Christmas is a big holiday in the U.S., many people are preparing for it weeks in advance -- buying presents and planning parties and so forth -- and are still celebrating it days after. So wishing someone a "Merry Christmas" on December 28 wouldn't seem particularly odd. However, while I haven't collected statistics on this, I think more than two or three days after Christmas most Americans fall back to a generic greeting, "Have a nice day" or "How are you?" or whatever. Most only use "Happy New Year" on December 31 and January 1.

I'm speaking of in-person greetings. It is common to send cards saying "Merry Christmas and Happy New Year" any time after Thanksgiving to just before Christmas. People very rarely send such cards after Christmas, and if you do, the receiver generally assumes that it is because you forgot to send it earlier.

Eastern Orthodox Christians celebrate Christmas on January 7, so if you have Eastern Orthodox friends shift everything about two weeks.

RE "Happy Holidays": This is most definitely NOT an easy "neutral" greeting that avoids offending anyone. Yes, some non-Christians are offended by any mention of the word "Christmas". But lots of Christians are offended by this deliberate refusal to even say the name of their holiday. If you don't see that, let me put it this way: Suppose someone showed you a picture of a busy sidewalk, and all the people visible in the picture were white. You might assume that at the time the person clicked the picture there just didn't happen to be any non-whites present. But then suppose the photographer told you that in the original picture there were several black people, and he used Photoshop to edit them all out because he doesn't want to offend anyone who hates black people. Would you say, "Oh, good idea. That's a good neutral position that avoids offending either blacks or whites." Or would you say, "If someone is offended by just seeing a black person in a picture, we should be denouncing that person as a racist, not catering to him!" The latter is how I react when people say that they use "Happy Holidays" rather than "Merry Christmas" to avoid offending anti-Christians. I would feel the same way if someone told me that he refuses to name Hanukkah or Ramadan or Diwali.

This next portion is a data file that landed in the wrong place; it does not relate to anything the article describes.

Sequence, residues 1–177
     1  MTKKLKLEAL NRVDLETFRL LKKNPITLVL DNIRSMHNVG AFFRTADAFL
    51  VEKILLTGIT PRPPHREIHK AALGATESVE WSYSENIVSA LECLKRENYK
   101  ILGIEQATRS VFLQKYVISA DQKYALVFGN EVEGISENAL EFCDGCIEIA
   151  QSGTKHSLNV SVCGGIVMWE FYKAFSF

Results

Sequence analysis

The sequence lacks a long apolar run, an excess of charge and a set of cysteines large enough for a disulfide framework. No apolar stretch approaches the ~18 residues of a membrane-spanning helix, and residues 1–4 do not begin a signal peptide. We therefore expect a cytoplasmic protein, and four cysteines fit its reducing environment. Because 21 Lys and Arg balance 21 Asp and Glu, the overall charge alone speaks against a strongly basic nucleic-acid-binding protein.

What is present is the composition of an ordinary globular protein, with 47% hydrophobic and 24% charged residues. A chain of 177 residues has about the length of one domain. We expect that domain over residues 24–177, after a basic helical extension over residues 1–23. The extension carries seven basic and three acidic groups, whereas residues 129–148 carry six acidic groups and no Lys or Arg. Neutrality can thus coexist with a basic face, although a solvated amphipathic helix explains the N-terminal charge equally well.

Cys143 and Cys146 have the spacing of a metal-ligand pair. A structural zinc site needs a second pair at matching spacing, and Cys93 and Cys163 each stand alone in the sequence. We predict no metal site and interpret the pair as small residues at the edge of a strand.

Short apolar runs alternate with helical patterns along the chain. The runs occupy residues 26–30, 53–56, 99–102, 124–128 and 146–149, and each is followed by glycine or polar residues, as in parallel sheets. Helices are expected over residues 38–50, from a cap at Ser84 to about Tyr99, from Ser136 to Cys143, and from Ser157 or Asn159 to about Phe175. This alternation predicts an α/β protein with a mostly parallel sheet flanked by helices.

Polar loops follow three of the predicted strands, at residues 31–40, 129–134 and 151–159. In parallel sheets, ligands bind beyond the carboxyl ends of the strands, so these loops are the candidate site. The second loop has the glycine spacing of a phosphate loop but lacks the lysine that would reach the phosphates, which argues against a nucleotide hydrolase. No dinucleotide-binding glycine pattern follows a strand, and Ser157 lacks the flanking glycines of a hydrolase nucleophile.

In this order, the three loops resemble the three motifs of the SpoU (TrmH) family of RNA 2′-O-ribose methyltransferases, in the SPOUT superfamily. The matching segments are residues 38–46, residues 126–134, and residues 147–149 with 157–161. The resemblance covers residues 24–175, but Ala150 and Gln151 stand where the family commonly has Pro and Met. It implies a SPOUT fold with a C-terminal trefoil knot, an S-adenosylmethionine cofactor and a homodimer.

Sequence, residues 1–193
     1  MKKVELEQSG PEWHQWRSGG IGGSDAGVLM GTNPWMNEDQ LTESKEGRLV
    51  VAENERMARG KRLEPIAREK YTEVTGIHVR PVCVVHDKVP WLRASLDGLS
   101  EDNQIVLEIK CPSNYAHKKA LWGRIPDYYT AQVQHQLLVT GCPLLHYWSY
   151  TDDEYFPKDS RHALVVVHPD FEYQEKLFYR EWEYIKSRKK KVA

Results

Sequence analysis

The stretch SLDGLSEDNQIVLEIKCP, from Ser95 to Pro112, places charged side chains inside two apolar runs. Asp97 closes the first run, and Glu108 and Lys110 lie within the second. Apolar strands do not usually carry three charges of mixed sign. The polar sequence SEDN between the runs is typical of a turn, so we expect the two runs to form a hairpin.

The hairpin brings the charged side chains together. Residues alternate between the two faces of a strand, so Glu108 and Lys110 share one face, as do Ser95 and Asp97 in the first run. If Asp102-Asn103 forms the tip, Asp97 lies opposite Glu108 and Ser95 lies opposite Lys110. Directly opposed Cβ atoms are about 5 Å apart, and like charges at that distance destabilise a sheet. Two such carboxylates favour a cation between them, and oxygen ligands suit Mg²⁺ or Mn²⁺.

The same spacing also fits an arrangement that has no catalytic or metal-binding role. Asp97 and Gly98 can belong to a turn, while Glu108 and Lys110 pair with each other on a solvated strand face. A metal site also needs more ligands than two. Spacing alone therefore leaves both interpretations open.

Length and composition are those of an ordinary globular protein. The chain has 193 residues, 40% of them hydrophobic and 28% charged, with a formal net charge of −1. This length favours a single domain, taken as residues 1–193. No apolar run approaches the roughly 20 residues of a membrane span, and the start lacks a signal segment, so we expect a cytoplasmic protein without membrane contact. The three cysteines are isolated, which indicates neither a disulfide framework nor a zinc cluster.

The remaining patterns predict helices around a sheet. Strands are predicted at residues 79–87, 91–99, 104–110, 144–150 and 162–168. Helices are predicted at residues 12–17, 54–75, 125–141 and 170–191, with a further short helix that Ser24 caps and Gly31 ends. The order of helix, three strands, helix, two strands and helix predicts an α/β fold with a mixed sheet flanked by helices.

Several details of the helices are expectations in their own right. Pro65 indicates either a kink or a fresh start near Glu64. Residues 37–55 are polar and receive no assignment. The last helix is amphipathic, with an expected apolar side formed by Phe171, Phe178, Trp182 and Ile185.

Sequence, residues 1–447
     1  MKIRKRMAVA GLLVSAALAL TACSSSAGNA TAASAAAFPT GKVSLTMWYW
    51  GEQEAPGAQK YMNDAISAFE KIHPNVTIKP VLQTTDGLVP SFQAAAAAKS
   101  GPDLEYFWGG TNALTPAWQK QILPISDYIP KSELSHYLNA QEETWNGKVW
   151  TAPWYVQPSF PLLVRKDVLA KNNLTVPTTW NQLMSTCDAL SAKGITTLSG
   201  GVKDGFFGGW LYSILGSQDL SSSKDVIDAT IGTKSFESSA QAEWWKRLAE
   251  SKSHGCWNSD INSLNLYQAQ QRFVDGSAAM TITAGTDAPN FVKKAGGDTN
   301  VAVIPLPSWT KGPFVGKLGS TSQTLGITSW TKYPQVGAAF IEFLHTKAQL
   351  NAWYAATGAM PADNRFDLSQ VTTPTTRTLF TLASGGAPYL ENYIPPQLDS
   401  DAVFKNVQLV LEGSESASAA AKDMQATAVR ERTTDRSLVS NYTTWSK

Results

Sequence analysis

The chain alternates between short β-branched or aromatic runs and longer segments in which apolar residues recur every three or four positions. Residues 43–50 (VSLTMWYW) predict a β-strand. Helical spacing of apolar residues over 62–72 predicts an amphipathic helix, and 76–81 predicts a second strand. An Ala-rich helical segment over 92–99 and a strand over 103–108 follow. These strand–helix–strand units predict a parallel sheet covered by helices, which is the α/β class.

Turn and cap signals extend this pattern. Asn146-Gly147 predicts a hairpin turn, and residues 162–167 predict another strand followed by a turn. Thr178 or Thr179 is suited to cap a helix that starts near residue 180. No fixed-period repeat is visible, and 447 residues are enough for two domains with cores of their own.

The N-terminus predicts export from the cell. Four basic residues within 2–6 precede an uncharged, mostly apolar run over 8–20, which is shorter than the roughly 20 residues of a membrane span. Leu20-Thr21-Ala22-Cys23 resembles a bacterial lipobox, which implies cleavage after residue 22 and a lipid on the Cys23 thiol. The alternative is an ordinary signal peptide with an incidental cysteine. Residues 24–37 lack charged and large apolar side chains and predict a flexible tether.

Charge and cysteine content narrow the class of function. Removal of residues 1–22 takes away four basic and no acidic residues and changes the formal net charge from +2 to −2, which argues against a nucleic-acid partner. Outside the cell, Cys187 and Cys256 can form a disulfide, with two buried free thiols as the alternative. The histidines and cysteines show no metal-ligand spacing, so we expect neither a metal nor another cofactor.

If your goal is to pointedly offend Christians, then yes, say "Happy Holidays". "Merry Christmas" is probably the "safer" greeting as even most non-Christians are not offended at a reminder that a religion that they don't believe in exists. Many non-Christians in America celebrate Christmas, presumably without referring to Jesus Christ but just giving gifts and having parties. But yes, a tiny number of anti-Christians, as opposed to simply non-Christians, are offended by the mention of Christmas. If you don't want to offend either group, then stick to a greeting that makes no mention of any holidays, like "Hello" or "Have a nice day". I've never heard of someone being offended by those.